1. Do you not realize the incentives your system puts in place for borrowers to abuse?

          1. In Libertarian-style capitalism with (little to no regulations), there appears to be no concerns with the incentives put in place for sellers to abuse…right?

            once the Gob-ment makes regulations to curb seller abuse…it’s too much government intervention. The gob-ment kicking a family out of their house so that it can be vacant so that the investor can enjoy $.20 on the dollar…is good business practice.

        2. You don’t ‘invest’ in a mortgage. You “borrow” a mortgage with hopes of owning a home while building equity.

          You shouldn’t buy a house as an investor or for an investment I believe.

      2. ” they made a bad decision, and so did the bank.

        Here is te one place I take issue with this whole thing.

        You cannot call this a bad decision because it didn’t work out in the end.

        Profit and loss require risk. Hell that is one of the components that goes into determining the interest rate, the risk of default. The fact that a default has occurred does not make it a bad decision to have made the loan in the first place,and the fact that the buyer for whatever reason got into a situation where he could not fulfill the terms of the mortgage does not mean taking out the loan was a bad choice.

        Profit requires risk, risk requires the possibility of loss and taking a loss only makes it a bad decision if you incorrectly calculated the risk of loss/likelyhood of profit incorrectly.

        1. I agree.

          However, those ‘floosy’ loans that they gave out was really really really bad for the investor. I’m not even sure that the invester was aware of the crappy lending standards and the corrupt cretit ratings.

          You would go to to a regular Joe that is not qualified to pay, offer him the house based on a one year teaser rate, and SUPRISE.

          Yea, Joe was represented by attorney, and should have read the document. However, the banks knew better and were reckless with the investor/depositer money.

      3. The system will always be perverted by government when either the buyer or the seller doesn’t behave.

        The fair-lending laws were brought in due to people mis-behaving.

  16. Btw everybody. Here’s a video showing that liberal democrat pinco communist that was pushing for “EVERYONE SHOULD HAVE A HOME” bit.


    1. I think it’s been stated here many a time that there’s very little difference between the two major political parties. Think hard about it why we say “team red” and “team blue.”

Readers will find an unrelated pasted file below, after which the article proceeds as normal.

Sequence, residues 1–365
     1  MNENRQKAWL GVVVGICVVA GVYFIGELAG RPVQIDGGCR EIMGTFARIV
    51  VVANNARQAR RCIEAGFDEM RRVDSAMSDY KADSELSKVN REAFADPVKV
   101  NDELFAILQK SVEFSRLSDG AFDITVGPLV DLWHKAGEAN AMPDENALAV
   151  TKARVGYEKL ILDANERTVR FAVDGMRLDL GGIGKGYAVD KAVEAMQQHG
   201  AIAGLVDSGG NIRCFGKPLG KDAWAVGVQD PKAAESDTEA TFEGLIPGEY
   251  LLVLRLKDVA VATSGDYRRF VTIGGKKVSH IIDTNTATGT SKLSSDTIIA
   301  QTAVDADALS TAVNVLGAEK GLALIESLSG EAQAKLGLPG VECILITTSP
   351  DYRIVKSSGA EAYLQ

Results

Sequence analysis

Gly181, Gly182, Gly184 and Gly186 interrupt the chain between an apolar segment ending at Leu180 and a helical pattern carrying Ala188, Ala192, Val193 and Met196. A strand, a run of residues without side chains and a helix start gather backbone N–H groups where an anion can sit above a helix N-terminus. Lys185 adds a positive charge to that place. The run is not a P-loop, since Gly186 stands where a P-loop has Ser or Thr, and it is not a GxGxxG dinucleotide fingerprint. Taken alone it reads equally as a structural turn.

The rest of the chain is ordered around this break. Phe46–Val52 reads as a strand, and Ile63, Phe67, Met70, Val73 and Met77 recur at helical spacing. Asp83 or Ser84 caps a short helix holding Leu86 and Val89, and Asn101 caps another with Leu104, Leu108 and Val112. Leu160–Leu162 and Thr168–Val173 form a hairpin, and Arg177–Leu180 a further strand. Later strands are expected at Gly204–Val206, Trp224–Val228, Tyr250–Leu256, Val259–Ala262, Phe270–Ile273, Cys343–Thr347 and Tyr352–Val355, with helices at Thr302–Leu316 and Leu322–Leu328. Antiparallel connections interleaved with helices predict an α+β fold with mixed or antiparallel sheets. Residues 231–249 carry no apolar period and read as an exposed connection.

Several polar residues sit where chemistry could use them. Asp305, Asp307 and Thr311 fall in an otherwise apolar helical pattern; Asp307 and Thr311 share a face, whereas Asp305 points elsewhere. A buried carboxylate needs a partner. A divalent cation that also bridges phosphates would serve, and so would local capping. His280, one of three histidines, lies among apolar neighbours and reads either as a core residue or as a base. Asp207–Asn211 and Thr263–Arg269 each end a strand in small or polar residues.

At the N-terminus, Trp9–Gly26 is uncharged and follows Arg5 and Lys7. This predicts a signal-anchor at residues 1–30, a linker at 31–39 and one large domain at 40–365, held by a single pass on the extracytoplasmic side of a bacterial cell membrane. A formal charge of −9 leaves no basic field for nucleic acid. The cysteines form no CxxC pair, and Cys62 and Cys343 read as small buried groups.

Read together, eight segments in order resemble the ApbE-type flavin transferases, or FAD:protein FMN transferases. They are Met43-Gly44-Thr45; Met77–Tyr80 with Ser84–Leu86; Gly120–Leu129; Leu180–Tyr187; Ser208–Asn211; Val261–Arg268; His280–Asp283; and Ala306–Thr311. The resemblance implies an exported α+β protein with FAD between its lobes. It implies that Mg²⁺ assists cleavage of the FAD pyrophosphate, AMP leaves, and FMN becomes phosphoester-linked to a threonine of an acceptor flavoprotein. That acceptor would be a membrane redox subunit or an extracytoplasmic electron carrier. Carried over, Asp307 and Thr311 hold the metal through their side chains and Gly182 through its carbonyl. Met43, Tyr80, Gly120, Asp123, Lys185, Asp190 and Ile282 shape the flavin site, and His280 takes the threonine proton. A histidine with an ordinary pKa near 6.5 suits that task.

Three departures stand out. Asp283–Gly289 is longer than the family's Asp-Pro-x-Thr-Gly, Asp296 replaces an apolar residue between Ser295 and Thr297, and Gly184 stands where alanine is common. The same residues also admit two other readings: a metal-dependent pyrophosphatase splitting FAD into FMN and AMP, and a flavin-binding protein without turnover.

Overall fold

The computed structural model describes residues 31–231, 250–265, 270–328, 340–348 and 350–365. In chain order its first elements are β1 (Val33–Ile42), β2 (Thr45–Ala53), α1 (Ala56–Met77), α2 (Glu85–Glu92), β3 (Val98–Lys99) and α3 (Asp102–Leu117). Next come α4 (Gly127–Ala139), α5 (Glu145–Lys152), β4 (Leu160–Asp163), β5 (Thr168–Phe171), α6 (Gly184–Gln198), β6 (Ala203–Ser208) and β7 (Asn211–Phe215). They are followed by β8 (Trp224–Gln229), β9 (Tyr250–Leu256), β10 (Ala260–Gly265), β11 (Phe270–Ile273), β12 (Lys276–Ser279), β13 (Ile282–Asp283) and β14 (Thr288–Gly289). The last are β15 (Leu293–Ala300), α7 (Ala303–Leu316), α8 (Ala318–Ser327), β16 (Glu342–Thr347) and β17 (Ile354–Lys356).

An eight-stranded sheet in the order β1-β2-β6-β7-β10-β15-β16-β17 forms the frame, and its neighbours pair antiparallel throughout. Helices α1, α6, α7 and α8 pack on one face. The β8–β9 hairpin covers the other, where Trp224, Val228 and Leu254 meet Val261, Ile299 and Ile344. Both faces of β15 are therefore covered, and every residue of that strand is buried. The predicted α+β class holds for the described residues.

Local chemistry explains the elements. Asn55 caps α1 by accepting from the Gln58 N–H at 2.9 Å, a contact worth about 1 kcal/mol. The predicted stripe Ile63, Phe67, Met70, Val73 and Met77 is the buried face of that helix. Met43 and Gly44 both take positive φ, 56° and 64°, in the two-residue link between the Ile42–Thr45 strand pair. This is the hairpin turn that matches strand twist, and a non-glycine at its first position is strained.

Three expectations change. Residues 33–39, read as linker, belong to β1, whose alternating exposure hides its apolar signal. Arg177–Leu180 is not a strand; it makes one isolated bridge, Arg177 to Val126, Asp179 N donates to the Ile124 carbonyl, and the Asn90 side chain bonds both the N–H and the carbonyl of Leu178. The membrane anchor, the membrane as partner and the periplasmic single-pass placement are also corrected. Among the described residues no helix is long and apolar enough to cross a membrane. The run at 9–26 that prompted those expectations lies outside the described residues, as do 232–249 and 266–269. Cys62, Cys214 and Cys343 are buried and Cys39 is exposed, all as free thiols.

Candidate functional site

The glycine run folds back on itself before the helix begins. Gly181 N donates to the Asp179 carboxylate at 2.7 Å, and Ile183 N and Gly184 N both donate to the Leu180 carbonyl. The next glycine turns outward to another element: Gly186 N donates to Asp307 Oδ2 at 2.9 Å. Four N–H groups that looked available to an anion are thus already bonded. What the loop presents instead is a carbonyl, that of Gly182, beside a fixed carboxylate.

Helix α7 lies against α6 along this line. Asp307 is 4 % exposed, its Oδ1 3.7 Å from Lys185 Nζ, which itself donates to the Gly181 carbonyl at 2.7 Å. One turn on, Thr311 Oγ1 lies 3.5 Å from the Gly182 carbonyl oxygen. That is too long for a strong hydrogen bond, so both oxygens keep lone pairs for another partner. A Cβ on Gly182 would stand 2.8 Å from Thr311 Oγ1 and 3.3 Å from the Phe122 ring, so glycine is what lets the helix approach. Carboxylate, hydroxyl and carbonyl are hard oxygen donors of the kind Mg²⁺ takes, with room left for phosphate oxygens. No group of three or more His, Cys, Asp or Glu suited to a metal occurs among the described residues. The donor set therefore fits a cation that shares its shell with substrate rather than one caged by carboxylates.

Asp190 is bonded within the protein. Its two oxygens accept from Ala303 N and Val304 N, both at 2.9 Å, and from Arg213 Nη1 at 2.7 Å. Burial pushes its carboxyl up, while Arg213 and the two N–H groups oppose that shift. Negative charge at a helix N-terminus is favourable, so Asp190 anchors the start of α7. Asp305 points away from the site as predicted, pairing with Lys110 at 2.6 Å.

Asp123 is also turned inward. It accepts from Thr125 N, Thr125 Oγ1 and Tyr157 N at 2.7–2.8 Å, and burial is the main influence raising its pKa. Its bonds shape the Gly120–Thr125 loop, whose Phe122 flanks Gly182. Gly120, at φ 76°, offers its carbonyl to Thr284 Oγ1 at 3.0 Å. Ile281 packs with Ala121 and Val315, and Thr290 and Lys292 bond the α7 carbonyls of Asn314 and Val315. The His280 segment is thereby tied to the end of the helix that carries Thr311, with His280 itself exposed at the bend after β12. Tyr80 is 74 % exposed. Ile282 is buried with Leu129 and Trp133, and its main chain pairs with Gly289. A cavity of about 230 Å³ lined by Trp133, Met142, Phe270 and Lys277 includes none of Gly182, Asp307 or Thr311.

1. I only hear that when its convenient.

        WHat i hear from most conservatives is that Obama caused the credit crisis by making loans to poor people after he arrived from Kenya and before he prayed to the muslims.

        1. That’s because most conservatives are firmly in the team red camp.

          round these parts however, a couple of notable exceptions aside we hold both teams in pretty much equal levels of contempt and the general story you’ll get is that the crash back in 08 was an inevitable result of loose monetary policy from the Fed going all the way back to at least 1990, things like Freddie, Fannie, and the CRA just helped choose which sector of the economy the inflationary money be directed to and therefore where the crash would occur.

          You will also note that nearly all of our preferred course of action would have punished banks making bad loans plenty, by letting them go out of business, not bailing them out.

  17. I for one, have a home, and a mortgage.
    More often than not, I want to burn the house down and let the bank have what is left.
    Or really, I could just say “here have your house back, I don’t want it”
    Because value wise, it is already burnt down.

    I make my payments on time. I want to keep it, even though it is worth half of what I am paying for it.
    And still I am constantly hassled by the bank. I get foreclosure notices posted on my door.
    I get my checks returned for no fucking reason.
    I get them denying that they received documents that they signed for.

    Calling them and getting ahold of someone is a full time job.
    My bank deserves to go under.
    The bailout stopped the market from doing what needed to be done.

    If I do default on my loan, they get from the taxpayer more than I ever owed on the house.

    1. Best to just stop making the payments…save the money…and wait about 2-3 or even 4 years until the bank wakes up from the coma and comes to take the house.

      By then, you would have recovered all of your loss, the creditor would get $.25 on the dollar, and your credit would be shot.

      So your credit is shot…BIG DEAL, if u save up the payments, who needs credit. You can go to a landlord and give him the year’s RENT in one lump sum if they don’t trust your credit report. THIS IS WHY YOU NEED TO STOP PAYING and SAVE the MONEY. So you can buy a car, rent a place, etc.

      Please, being denied credit is a good thing. Those who are debt free…are truly free.

  18. So banks won’t write new loans in Massachusetts to anyone who doesn’t put 20% down, had the same job for five years, and an 800 credit score. So the pool of buyers relative to the houses for sell in Massachusetts. and prices of homes will decrease and so will property taxes.

    Stupid, stupid, stupid.

    Mortgage funding will flow along the path of least resistance and that sure won’t be in Massachusetts.